Stories of Relationship & Transformation

Hillary Cottan, a social worker, tells us a wonderful story of transformation and services based on relationship. A story that starts in the moment she inverted a ratio that forced the social workers to spend more than 80 percent of their work in serving the social system and not the families. A story that starts in the moment the people/clients are considered to be the experts of their lifes and self-responsible in their decisions. A story that starts in the moment people/clients are not longer data provider for expert systems but equal partners in a relationship. These are in our experience also the bedrock stories for companies where people are forced to spend 80% of their workforce in the reporting process, and change initiatives where the management of processes kills the relationships they rely on.

Here is an extract worth reading:

Well, the first thing I learned is that cost is a really slippery concept. Because when the government says that a family like Ella’s costs a quarter of a million pounds a year to manage, what it really means is that this system costs a quarter of a million pounds a year. Because not one penny of this money actually touches Ella’s family in a way that makes a difference. Instead, the system is just like this costly gyroscope that spins around the families, keeping them stuck at its heart, exactly where they are. 

And I also spent time with the frontline workers, and I learned that it is an impossible situation. So Tom, who is the social worker for Ella’s 14-year-old son Ryan, has to spend 86 percent of his time servicing the system: meetings with colleagues, filling out forms, more meetings with colleagues to discuss the forms, and maybe most shockingly, the 14 percent of the time he has to be with Ryan is spent getting data and information for the system. So he says to Ryan, „How often have you been smoking? Have you been drinking? When did you go to school?“ And this kind of interaction rules out the possibility of a normal conversation. It rules out the possibility of what’s needed to build a relationship between Tom and Ryan.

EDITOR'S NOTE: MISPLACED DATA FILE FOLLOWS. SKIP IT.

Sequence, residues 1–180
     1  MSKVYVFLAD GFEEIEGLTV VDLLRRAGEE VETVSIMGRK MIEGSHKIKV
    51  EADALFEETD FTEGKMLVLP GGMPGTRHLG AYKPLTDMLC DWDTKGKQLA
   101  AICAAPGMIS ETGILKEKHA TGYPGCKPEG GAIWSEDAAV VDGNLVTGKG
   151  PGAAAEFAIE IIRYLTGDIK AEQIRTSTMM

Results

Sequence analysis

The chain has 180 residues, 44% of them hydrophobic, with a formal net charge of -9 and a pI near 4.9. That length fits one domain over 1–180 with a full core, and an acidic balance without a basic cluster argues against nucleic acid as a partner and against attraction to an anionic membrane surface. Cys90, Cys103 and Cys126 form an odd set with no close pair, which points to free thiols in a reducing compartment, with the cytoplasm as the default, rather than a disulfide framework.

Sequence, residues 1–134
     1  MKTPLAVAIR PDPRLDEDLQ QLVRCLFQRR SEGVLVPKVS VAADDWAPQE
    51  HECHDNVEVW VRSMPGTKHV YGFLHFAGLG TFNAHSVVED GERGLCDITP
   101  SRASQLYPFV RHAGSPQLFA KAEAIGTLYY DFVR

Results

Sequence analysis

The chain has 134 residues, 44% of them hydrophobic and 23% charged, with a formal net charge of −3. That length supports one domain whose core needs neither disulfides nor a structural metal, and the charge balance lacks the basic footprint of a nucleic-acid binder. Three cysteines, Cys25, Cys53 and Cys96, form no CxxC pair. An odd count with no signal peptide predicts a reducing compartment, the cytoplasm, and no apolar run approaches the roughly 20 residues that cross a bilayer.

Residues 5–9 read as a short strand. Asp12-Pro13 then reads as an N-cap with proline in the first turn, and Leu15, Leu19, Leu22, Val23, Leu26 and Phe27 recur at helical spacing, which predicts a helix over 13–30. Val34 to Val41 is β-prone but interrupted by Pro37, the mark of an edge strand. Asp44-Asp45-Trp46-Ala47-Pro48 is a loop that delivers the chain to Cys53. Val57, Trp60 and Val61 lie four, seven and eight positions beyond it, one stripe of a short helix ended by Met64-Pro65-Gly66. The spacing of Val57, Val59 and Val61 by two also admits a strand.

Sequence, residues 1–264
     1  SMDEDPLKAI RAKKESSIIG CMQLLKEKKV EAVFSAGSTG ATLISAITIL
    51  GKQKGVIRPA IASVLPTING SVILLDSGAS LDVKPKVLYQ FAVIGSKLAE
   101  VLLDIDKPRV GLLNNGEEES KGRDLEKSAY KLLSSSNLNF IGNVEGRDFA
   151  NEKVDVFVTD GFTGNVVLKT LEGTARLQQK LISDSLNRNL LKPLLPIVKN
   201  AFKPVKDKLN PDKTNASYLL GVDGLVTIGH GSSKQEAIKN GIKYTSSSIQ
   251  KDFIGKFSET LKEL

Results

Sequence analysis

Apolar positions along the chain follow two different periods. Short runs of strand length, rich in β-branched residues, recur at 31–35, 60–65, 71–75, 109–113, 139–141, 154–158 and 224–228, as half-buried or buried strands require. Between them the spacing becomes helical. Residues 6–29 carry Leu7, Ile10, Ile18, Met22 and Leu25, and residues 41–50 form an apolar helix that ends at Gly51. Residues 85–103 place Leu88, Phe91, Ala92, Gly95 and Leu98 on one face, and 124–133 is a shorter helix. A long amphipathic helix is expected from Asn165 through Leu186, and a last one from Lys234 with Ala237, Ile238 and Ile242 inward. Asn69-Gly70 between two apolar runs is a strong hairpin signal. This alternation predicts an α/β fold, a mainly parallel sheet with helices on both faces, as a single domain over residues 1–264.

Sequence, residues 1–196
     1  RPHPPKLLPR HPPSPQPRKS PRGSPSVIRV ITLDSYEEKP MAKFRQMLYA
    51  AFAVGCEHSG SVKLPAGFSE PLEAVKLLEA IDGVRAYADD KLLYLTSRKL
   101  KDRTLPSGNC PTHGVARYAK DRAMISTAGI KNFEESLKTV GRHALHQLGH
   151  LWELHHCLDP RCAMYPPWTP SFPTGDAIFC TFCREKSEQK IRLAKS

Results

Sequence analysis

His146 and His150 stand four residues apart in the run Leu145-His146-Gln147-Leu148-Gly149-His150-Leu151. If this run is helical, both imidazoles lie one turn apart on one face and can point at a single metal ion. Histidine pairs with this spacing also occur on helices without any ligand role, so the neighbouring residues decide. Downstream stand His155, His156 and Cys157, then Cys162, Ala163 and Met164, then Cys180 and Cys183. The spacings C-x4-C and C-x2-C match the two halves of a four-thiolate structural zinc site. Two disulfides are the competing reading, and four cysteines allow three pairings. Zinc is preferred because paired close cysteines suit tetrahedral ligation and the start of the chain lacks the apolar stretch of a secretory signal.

So in a really brave step, the leaders of the city where Ella lives agreed that we could start by reversing Ryan’s ratio. So everyone who came into contact with Ella or a family like Ella’s would spend 80 percent of their time working with the families and only 20 percent servicing the system. And even more radically, the families would lead and they would decide who was in a best position to help them. So Ella and another mother were asked to be part of an interview panel, to choose from amongst the existing professionals who would work with them. And many, many people wanted to join us, because you don’t go into this kind of work to manage a system, you go in because you can and you want to make a difference.

So Ella and the mother asked everybody who came through the door, „What will you do when my son starts kicking me?“ And so the first person who comes in says, „Well, I’ll look around for the nearest exit and I will back out very slowly, and if the noise is still going on, I’ll call my supervisor.“ And the mothers go, „You’re the system. Get out of here!“ And then the next person who comes is a policeman, and he says, „Well, I’ll tackle your son to the ground and then I’m not sure what I’ll do.“ And the mothers say, „Thank you.“ So, they chose professionals who confessed they didn’t necessarily have the answers, who said — well, they weren’t going to talk in jargon. They showed their human qualities and convinced the mothers that they would stick with them through thick and thin, even though they wouldn’t be soft with them.

So these new teams and the families were then given a sliver of the former budget, but they could spend the money in any way they chose. And so one of the families went out for supper. They went to McDonald’s and they sat down and they talked and they listened for the first time in a long time. Another family asked the team if they would help them do up their home. And one mother took the money and she used it as a float to start a social enterprise.

And in a really short space of time, something new started to grow: a relationship between the team and the workers. And then some remarkable changes took place. Maybe it’s not surprising that the journey for Ella has had some big steps backwards as well as forwards. But today, she’s completed an IT training course, she has her first paid job, her children are back in school, and the neighbours, who previously just hoped this family would be moved anywhere except next door to them, are fine. They’ve made some new friendships. And all the same people have been involved in this transformation — same families, same workers. But the relationship between them has been supported to change.


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